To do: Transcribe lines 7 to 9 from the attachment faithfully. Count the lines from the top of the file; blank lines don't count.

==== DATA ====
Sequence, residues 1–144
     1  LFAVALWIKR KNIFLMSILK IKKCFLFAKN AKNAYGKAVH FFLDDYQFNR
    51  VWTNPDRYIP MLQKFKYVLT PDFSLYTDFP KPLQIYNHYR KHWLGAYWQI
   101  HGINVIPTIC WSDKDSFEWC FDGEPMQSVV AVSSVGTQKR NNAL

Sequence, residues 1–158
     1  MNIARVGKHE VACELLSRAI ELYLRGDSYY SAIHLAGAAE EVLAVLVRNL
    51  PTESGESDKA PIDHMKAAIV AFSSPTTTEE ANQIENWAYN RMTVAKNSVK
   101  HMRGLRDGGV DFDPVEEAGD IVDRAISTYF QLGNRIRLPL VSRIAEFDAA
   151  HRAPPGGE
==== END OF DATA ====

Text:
    51  PTESGESDKA PIDHMKAAIV AFSSPTTTEE ANQIENWAYN RMTVAKNSVK
   101  HMRGLRDGGV DFDPVEEAGD IVDRAISTYF QLGNRIRLPL VSRIAEFDAA
   151  HRAPPGGE